What Are Food Harzards and Their Effect on Food Quality?
The Hazards of Food
A hazard is a biological, chemical or physical agent in, or condition of, food with the potential to cause an adverse health effect.
If we have expanded the purpose of conducting our HACCP plan to address product quality in all its facets, then the definition of hazards also needs to be expanded.
A hazard is a factor that will negatively affect consumer satisfaction including biological, chemical or physical agents in, or the condition of, the food with the potential ot cause an adverse health effect.
The type of hazards that exist can be broken down into the following categories:
3. Physical; and
Biological hazard include harmful:
This first category can be further divided into five types.
· Bacteria e.g. Salmonella spp., Clostridium perfingens, Clostridium botulinum, , listeria monocytogenes, Campylobacter jejuni, Staphylococcus aureus, Vibrio choloerae, Bacillus careus.
· Fungi e.g Aspergillus flavus, Fusarium spp.
· Viruses e.g. Hepatits A, Rotavirus.
· Parasites, Protozoa and Worms e.g. protozoa (Gardia lamblia), roundworms (ascaris Lumbricoides), tapeworms (Taenia Saginata), flukes (fasciola hepatica).
· Algae e.g. dinoflagellates, blue-green algae, golden-brown algae.
Bacteria :- Bacterial hazards:
· Compylobacter jejuni
· Salmonella spp.
· Listeria monocytogenes
· Escherichia coli
· Yersinia enterocolitica
· Bacillus cereus
· Staphylococcus aureus
· Clostridium borulinum
There are thousands of different types of bacteria. “Good” bacteria are used to make food like cheese, yoghurt, beer and wine. However these bacteria; may become hazardous when found in foods where they shouldn’t be or when there are too many of them. Hazardous bacteria cause tetanus, pneumonia, tonsillitis, meningitis, and boils.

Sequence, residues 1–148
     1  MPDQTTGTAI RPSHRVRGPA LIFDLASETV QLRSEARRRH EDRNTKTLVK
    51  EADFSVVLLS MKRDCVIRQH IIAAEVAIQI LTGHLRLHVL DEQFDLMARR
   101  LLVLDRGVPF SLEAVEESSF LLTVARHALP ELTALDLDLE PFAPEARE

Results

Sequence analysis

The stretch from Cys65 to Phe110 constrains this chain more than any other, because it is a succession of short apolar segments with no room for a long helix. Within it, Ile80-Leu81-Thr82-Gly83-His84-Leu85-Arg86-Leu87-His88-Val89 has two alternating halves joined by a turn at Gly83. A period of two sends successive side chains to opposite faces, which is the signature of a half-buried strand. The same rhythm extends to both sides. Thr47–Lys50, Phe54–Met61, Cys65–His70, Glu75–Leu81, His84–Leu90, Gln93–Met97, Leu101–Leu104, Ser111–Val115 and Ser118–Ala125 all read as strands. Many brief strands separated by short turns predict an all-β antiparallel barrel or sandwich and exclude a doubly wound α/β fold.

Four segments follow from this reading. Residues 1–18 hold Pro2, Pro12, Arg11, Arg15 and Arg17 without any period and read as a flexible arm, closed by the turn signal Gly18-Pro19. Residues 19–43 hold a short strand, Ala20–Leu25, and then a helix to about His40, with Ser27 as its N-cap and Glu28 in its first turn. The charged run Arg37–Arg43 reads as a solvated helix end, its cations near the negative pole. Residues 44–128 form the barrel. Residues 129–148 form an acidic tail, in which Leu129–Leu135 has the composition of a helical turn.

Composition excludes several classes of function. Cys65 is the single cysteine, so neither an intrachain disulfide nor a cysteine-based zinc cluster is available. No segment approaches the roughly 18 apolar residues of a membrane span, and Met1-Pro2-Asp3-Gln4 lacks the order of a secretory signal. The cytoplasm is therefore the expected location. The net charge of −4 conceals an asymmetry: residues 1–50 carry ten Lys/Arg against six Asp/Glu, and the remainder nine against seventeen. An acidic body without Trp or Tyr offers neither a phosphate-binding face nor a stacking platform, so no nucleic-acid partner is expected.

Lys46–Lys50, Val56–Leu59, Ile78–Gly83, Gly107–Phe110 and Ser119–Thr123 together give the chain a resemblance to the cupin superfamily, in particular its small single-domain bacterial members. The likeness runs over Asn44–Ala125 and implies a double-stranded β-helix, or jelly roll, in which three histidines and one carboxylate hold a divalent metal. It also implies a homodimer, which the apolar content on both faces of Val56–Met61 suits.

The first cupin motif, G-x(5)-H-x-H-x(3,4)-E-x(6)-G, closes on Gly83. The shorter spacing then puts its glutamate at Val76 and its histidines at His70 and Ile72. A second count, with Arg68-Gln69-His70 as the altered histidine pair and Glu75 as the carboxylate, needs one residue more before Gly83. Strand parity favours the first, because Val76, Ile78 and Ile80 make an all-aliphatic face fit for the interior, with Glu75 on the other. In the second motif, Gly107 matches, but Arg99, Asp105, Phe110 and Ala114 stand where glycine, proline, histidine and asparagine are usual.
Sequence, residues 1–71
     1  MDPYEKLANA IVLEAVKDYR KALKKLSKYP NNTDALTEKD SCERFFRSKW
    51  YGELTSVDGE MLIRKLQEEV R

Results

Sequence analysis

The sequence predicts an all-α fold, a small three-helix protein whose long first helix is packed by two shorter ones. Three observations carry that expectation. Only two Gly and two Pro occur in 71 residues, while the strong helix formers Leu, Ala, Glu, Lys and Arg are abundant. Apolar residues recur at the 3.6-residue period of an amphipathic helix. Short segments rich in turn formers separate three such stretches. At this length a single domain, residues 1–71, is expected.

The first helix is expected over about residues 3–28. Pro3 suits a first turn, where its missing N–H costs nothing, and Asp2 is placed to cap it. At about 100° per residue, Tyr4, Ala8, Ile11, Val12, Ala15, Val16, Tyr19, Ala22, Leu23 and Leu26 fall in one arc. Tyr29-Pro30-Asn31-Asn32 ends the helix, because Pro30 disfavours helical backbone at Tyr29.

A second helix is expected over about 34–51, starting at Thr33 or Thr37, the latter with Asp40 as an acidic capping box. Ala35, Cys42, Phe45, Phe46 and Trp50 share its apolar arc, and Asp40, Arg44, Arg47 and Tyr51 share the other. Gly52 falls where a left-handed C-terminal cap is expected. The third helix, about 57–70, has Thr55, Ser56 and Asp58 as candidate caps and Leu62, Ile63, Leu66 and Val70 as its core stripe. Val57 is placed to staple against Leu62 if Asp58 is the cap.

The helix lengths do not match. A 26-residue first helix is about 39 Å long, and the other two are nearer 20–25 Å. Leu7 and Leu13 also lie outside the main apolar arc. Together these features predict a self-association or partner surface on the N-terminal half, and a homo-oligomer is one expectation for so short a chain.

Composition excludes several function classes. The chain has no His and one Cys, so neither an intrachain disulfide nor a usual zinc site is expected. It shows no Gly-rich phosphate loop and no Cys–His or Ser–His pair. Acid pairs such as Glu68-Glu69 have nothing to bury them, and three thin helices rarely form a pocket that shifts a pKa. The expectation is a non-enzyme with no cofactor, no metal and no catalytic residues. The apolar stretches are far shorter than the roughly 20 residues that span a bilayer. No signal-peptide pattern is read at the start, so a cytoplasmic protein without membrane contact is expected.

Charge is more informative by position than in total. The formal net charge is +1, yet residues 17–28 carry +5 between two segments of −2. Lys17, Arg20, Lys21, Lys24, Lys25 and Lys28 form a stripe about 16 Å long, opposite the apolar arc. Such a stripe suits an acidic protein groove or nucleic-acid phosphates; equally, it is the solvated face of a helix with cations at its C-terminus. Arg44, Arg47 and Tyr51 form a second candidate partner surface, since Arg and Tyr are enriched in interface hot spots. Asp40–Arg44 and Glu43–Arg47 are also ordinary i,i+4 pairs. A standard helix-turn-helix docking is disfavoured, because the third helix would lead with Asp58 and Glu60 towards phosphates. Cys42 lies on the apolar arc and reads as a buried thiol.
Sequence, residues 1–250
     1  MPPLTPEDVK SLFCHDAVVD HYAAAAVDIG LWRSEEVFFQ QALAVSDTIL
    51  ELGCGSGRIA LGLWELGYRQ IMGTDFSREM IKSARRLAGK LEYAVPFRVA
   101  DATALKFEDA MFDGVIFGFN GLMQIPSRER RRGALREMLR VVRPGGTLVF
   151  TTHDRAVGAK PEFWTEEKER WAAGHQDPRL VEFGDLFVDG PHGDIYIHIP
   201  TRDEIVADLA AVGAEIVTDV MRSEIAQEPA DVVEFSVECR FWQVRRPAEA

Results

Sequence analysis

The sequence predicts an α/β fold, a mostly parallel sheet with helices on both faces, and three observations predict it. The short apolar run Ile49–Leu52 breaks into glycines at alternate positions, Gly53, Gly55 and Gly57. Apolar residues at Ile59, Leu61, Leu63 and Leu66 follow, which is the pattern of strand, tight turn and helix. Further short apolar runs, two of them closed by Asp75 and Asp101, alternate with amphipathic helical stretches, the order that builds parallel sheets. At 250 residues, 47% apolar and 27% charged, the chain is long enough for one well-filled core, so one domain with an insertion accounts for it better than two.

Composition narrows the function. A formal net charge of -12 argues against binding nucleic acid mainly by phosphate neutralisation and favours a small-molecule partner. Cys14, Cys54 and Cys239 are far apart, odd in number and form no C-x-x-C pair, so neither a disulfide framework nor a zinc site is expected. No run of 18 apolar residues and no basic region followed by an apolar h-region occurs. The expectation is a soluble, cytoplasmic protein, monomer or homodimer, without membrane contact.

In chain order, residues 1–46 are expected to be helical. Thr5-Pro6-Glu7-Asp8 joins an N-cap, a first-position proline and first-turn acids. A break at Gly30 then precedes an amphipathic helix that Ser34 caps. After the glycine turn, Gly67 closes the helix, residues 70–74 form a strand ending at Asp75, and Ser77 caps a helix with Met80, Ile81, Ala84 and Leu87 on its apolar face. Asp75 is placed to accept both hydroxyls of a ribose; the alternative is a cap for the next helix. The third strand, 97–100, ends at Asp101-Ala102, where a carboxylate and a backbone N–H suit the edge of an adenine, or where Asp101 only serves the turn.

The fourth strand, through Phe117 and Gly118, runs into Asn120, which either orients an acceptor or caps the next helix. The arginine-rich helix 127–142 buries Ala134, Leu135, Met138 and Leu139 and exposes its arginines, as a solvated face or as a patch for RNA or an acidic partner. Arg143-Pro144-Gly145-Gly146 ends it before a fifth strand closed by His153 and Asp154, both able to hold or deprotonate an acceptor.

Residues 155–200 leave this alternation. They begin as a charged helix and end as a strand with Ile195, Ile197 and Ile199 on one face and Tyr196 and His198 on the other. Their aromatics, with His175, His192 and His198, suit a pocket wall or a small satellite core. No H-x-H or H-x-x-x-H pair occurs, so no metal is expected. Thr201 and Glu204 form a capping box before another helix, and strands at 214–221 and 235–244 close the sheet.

Bacteria multiply by division
Most bacteria multiply be dividing. A small number reproduce by making spores, which can survive in environments that would kill bacterial cells. When a spore finds the right conditions it becomes a normal bacterial and commences multiplication.
Food Bacteria that Cause Disease
Microorganisms are by far the most common cause of food born disease, and amongst microorganism, bacteria are the most common cause of food born disease.
· Hepaitis A
There are over d150 viruses which, whe they originate from food, have the potential to cause food poisoning. Viruses can only multiply in a host-an animal or human. Viruses are transmitted through the faecal-oral route. This can often occur via food and water in which the virus can survive for long periods, but not grow.
Most viruses cause viral enteritis by invading the intestinal mucosa.
These viruses may cause skin, eye, and respiratory infections, as well as meningitis, hepatitis and gastroenteritis.
Viruses are not eliminated by sewerage treatment and thus are discharged from sewerage plants into the surrounding environment. Once in the environment, they are protected by their association with faecal matter surviving in water, mud, soil, shellfish, and on vegetation that has been irrigated with recycled effluent. Fortunately, most viruses are readily killed by heat.
In food born outbreaks, viruses have come either from handlers or from sewerage contaminated water. Hence, it is important that only potable water is used in the food industry and that personnel have high hygiene standards.